Bijan Kian, a business associate of President Donald Trump’s disgraced first national security advisor Michael Flynn, will likely soon go to jail for violating federal lobbying laws. Together with Flynn, Kian worked on behalf of the government of Turkey. But long before he was peddling Turkish interests, Kian was one of many in Washington taking advantage of America’s military might to settle his personal scores. In his case, he wanted revenge against the clerical regime in Iran.

The tragedy of U.S. foreign policy has been that in its quest to do good globally, it has invited all kinds of charlatans to lobby Washington to do their bidding. The language of these actors is seductive and frequently plays on Americans’ reverence for freedom and democracy. In the Middle East, the cacophony of voices demanding U.S. support has time and again entangled America in regime change wars that can’t be won.

While these foreign actors purport to support U.S. interests, their narratives are often self-serving and their policy alternatives detrimental to the livelihoods and democratic aspirations of regional peoples. Indeed, the track record of U.S. interventions is pretty poor, especially for the Iraqi and Iranian people, who for years have suffered under the weight of policies spearheaded by Washington-based special interests and expats.

The most infamous figure in recent years to gain lasting influence over American Middle East policy was Ahmed Chalabi, the Iraqi mathematician who teamed up with neoconservatives to pressure the United States into liberating Iraq. Chalabi, who before the war had not been to Baghdad since 1958, espoused erroneous information about the alleged threat of Saddam Hussein’s Iraq, including lies about stockpiles of chemical and nuclear weapons. He portrayed himself as a unifying figure who had organized the Iraqi opposition in his “Iraqi National Congress” (INC).

Advertisement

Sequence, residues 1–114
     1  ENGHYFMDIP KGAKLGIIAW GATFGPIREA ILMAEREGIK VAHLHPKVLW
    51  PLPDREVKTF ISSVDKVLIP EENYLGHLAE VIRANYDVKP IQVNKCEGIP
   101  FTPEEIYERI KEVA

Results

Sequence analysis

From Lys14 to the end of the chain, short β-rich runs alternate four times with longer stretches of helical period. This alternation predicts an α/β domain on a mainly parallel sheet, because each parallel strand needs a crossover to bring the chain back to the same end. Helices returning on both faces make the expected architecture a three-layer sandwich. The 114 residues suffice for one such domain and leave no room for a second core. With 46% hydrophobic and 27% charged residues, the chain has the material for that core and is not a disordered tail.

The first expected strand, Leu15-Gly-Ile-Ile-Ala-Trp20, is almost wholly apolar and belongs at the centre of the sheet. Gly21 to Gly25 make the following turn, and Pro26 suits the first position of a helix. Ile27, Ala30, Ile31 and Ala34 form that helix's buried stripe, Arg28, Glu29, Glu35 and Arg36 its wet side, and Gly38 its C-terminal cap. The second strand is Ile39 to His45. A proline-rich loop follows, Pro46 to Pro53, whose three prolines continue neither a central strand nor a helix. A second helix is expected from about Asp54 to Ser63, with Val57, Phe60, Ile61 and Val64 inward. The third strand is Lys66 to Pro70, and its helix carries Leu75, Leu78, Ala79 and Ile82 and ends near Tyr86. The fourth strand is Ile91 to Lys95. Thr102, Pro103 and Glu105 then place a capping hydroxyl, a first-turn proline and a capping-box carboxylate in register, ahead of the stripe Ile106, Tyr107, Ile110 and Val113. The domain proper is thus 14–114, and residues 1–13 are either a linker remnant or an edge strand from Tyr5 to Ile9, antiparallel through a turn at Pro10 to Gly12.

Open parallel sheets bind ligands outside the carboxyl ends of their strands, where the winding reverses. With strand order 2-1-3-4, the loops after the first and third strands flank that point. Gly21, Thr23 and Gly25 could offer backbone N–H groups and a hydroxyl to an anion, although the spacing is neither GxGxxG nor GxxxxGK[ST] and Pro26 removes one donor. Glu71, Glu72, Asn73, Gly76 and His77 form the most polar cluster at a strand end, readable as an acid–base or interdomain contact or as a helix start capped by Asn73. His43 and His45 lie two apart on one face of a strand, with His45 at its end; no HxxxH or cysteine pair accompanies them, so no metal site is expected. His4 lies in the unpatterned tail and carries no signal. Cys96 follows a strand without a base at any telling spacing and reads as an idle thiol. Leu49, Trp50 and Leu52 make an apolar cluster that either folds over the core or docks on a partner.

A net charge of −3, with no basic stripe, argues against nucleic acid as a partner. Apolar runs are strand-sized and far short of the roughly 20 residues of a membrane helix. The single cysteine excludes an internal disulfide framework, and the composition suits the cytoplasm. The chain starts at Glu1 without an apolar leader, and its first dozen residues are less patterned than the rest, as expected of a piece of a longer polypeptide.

According to former CIA official Bruce Riedel, Chalabi “promised George W. Bush and Dick Cheney that a war to depose Saddam Hussein would be welcomed by the Iraqi people, lead to peace with Israel, and open the door to regime change in Damascus and Tehran.” His promises fell flat on all counts.

While a powerful smooth talker in his own right, Kian tried but never managed to be as successful as Chalabi. In April 2003, just after the U.S. invasion of Iraq, he assumed the presidency of the Iranian Council of the Republican Party, which advanced a Chalabi-like agenda of “coordinating and harmonizing with President Bush and the Republican Party in implementing freedom and democracy inside Iran.” In a 2004 interview with the U.S.-funded Radio Farda, he went so far as to deceitfully discuss “Iran’s spread of nuclear weapons.”  

But Kian is far from the only one who has sought to tip the U.S.’s enmity with Iran towards open conflict. Kian’s friend Reza Pahlavi, the son of the last Shah of Iran, has also tried to promote himself as able to, with support from the United States, replace the Iranian government with something more to America’s liking. After Trump’s election, Pahlavi penned him a congratulatory letter. In a subsequent interview with Breitbart, he called for “tacit support from other freedom-loving countries and governments.”